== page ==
I have only just become aware that a feature film has been made based on Helen Garner’s book, “Joe Cinque’s Consolation.” Over a decade I filmed with Anu Singh, Joe Cinque’s killer, and have in excess of 40 hours of footage shot of Anu and her family. Anu’s is a very interesting and compelling story and no-one other than myself has footage of her from this past decade, as she has sought to rebuild her life and explain to herself (and the world) how and why, in the midst of her mental illness, she killed the man she loved.
The feature film will, no doubt generate a great deal of interest in Anu when it is released. I’m sure there will be many viewers interested in seeing a documentary about her. However, such a documentary cannot be made by me, a ‘banned’ filmmaker, as I am not allowed to speak with members of Screen Australia staff, as I would need to be able to do if I were to apply for a Producer Offset.
Yet again, as was the case with the pre-sale offered to me by National Geographic for my feature documentary, “Chanti’s World” a few years ago, Screen Australia’s ban prevents me from working as an Australian filmmaker. I have four close-to-fully shot documentaries (all self-funded) that I cannot complete as a result of your ban.
I must now try to earn a living working outside Australia. Fortunately, with my series “Nest of Vipers” I am able to do so – this thriller, once with a predominantly Australian cast in the lead roles, is now being developed for a US market with no Australians involved other than myself. A pyrrhic victory for Screen Australia!
When I wrote to Richard in January I hoped that he might at least ask for evidence of my crimes and, if it was not forthcoming (and it can’t be because there is none) quietly advocate within Screen Australia for my right to be allowed to continue to make films or be presented with evidence of my crimes. Richard has chosen (or been instructed?) not to respond to my letters. I am disappointed, of course, but can also understand that Richard does not wish to upset the apple cart and jeopardize his own position within Screen Australia by challenging Fiona – the real architect of the ban on me.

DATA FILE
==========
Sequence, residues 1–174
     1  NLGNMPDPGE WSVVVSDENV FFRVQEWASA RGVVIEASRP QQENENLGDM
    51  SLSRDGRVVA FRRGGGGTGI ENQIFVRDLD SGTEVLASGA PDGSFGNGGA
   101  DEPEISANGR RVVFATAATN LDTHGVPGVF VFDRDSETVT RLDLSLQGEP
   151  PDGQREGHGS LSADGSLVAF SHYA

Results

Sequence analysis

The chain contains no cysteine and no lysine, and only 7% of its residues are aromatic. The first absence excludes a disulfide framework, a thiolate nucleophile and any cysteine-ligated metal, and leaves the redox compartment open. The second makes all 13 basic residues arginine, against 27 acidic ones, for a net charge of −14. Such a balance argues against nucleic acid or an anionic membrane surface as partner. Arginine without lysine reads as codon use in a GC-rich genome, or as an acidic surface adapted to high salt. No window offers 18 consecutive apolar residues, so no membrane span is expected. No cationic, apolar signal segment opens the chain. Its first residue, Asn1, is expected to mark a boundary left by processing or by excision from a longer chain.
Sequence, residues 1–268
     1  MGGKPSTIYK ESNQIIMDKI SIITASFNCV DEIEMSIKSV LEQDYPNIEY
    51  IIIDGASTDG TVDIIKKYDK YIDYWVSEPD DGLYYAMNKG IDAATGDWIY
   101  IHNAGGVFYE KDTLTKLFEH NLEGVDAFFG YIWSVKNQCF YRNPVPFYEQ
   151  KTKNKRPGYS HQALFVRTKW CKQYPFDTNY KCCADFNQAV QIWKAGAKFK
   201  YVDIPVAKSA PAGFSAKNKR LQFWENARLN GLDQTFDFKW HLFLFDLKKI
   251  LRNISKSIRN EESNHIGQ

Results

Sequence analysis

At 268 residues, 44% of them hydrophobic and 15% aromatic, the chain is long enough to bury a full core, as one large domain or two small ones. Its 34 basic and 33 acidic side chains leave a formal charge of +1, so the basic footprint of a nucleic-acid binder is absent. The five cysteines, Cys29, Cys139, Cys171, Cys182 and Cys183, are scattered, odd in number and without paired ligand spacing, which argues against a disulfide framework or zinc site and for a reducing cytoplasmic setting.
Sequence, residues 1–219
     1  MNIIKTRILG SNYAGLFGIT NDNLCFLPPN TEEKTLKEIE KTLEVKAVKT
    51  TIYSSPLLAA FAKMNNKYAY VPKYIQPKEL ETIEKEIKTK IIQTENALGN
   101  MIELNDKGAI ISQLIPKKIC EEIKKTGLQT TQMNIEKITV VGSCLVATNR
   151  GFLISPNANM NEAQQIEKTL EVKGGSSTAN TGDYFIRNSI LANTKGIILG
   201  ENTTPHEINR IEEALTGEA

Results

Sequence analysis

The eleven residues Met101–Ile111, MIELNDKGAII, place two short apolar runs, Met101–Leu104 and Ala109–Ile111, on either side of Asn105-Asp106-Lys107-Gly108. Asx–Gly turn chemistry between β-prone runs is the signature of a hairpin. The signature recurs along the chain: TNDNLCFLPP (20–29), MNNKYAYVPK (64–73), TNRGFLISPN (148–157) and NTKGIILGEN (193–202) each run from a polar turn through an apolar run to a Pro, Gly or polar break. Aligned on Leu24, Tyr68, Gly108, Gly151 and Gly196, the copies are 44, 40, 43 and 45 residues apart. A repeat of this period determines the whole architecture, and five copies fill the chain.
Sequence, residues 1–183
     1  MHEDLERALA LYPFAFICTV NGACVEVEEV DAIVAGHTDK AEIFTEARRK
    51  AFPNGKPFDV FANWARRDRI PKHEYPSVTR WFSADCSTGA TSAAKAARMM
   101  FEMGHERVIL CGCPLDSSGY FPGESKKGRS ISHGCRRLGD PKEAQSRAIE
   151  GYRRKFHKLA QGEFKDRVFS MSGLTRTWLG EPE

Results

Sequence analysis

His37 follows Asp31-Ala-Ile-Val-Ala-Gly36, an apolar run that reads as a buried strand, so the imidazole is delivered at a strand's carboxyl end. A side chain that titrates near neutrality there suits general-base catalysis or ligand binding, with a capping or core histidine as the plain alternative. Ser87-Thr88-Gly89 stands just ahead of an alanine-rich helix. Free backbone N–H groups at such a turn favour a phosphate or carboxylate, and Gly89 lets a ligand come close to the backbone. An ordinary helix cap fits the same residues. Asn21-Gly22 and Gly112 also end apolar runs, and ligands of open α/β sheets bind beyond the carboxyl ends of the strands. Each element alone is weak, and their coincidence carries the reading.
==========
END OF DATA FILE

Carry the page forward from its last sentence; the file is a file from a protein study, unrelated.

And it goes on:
As if happens (it was not my intention) Richard’s refusal to respond to my letter adds considerable weight to the defamation case that I had hoped I would never have to pursue.
I have held off for four years now, hoping for a breakthrough of common sense and decency from the SA board, but I will hold off no longer. My original Supreme Court case, in 2012, was thrown out not because it had no merit but because I (who could afford no lawyer) had not filled out my Statement of Claim correctly. Thanks to “Nest of Vipers’ I will shortly be in a position to afford a lawyer.
Today is my 67th birthday. I promised myself that if this matter was not resolved, if the ban was not lifted by 1st April 2016, I would retire as an Australian filmmaker. I have no desire to spend the last few years of my 60s doing battle with vindictive bureaucrats and a cowardly Screen Australia board.
Consequently, I am no longer interested in an apology from Screen Australia, or in having the ban on me lifted. The damage has been done and cannot be repaired. My career as an Australian filmmaker is over. In suing Screen Australia in the Supreme Court I’m not interested in financial compensation if I should win my case. And I don’t really care if I don’t win it. I will shortly be in a position to pay whatever it takes in the Supreme Court to prove once and for all that there is not one letter, one email, one fax or any other form of communication between myself and Screen Australia in which I have intimidated or placed anyone at risk; that the architect of all this was and is Fiona Cameron. It will be worth all the money I get for “Nest of Vipers” if need be, to have my name cleared amongst my peers.
The Screen Australia board has failed, miserably, its duty to deal with all filmmakers in a fair and equitable manner. Your priority has been to protect Screen Australia staff, regardless of the facts. This mind-set, permeating all levels of Screen Australia, is detrimental to the development of exciting ground-breaking films. And it shows.
cc Senator Mitch Fifield
Australian Director’s Guild